The Favorites bar can vary on what you’d like to put in there, and everyone will approach this in their own way. For us, a good overall set up will have you assigning one bar of key weapons, one bar of throwables, and one bar of aid. This leaves you with three more slots you can use to hot-swap equipment, which can be very useful when you’re in the middle of a firefight with some Spacers, like equipping a helmet that provides a -15% reduction in ballistic damage, for example.
5: Fun with Factions
As we mentioned earlier, you get a lot of freedom in the game very early on. To help focus that effort a bit, it wouldn’t hurt to take on some Faction Quests to not only start making some money but to help orient yourself a bit more in the universe. These Faction Quests can also lead you into discovering a variety of side quests as well (and some of these can be very involved!).
The way you find these missions varies a little. In many cases, you’ll be alerted to the beginning of a quest by overhearing conversations in the game’s major cities; New Atlantis, Akila City, and Neon — these will automatically land in your Activities tab in your Mission menu. Once you’ve started the quests proper, they’re assigned to a specific Faction section in your Mission menu. You can join the UC Vanguard, keep the peace with the Freestar Rangers, commit corporate espionage for Ryujin, and much more. We highly recommend checking them all out.
6: Resource Hunting
While you can go out into the wild and scan just about everything looking for that one precious resource, a much easier way for you to look for what ingredient you’re missing is by buying up the resources from the kiosks at starship ports and many other vendors you come across. Even tiny citizen settlements will have merchants with a wide array of goods.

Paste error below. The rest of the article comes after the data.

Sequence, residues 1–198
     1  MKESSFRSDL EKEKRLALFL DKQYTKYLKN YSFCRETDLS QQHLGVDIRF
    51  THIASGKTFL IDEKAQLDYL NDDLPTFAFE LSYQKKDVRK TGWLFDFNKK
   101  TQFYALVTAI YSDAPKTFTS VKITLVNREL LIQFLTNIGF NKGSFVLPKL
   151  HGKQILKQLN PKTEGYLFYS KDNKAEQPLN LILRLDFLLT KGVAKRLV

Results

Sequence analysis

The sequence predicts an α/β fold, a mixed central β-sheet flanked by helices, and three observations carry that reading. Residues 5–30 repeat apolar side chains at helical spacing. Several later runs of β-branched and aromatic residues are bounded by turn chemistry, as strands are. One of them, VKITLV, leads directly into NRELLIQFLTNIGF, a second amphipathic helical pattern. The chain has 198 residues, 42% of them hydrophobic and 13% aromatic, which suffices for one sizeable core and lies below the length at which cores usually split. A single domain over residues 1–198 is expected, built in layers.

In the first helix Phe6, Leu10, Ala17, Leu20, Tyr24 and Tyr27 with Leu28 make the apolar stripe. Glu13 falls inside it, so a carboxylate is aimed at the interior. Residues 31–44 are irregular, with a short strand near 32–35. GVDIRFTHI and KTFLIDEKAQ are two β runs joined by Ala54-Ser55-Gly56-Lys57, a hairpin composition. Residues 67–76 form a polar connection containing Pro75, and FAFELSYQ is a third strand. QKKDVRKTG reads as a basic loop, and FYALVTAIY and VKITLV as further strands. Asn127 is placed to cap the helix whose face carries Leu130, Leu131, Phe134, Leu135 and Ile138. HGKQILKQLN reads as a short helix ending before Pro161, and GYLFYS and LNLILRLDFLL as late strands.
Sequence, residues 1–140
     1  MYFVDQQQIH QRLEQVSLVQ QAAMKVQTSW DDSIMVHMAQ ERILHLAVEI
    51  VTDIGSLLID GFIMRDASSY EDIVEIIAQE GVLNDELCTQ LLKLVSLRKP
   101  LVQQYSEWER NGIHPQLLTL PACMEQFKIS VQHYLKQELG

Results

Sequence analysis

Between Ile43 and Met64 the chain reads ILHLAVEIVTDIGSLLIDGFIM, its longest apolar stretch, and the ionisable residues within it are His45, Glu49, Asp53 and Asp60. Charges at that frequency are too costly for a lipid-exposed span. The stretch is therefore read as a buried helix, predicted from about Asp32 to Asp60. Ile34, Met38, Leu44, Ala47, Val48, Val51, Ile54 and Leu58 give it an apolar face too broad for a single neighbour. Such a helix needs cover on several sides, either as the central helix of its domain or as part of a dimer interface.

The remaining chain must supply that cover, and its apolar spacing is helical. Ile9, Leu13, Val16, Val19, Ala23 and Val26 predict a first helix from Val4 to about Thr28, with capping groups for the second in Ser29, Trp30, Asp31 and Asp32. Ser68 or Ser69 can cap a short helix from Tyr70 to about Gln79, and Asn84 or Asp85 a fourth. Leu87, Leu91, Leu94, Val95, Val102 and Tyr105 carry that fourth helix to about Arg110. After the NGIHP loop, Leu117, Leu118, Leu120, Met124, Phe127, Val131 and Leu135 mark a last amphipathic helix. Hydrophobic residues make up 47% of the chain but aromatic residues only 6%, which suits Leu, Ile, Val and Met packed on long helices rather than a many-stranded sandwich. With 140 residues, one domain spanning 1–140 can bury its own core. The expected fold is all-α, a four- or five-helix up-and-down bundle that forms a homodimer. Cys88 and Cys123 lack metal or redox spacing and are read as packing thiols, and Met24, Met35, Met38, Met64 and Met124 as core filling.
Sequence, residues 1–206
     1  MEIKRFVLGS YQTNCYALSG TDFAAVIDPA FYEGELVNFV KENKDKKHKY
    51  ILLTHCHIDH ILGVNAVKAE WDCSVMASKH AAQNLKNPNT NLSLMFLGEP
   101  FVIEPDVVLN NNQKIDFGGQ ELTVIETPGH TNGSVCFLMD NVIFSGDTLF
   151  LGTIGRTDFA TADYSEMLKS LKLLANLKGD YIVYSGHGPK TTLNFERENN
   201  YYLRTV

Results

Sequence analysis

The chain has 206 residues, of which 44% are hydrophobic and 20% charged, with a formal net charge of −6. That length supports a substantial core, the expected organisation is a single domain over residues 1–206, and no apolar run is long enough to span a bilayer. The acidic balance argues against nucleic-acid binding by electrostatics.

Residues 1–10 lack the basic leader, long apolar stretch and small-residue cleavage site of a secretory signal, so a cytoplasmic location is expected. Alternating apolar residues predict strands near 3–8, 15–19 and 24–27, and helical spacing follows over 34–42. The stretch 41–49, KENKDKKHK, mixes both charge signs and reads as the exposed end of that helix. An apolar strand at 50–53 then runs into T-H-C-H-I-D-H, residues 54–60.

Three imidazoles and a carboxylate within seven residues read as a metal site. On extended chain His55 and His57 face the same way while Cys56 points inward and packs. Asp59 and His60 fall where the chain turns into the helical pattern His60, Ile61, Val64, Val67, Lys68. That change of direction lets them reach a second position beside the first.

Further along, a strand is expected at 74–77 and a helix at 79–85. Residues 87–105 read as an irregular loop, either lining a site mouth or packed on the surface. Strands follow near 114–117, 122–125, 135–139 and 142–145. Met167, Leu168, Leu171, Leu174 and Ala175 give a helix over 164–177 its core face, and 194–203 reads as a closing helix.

Alternatively, upping your Surveying skill will let you detect the locations of harder-to-find resources from orbit, letting you know exactly where to land and scoop up what you need. And if you’re looking for a particular ingredient for a crafting recipe, make sure you utilize “Track” from the Resource menu — this little option will add an icon to any item you’ve designated while exploring.
7: Dress for Success
Clothing in Starfield isn’t just designed to make you look cool. Many of these outfits also carry with them stat bonuses to help improve your character. It’s very useful for swapping in and out as needed (see Favorites bar), whether you want an improvement to Persuasion, Stealth, or Oxygen consumption.
For example, early on you may come across some scientists wearing research uniforms, which… let’s just say they won’t be needing them anymore. Wearing them while conducting research holds a great perk: increasing the chance your player will have a Sudden Development. When contributing items towards research, like a new medicine, weapon mod, or starship part, Sudden Development allows for advances in research even if you don’t yet have all the necessary materials.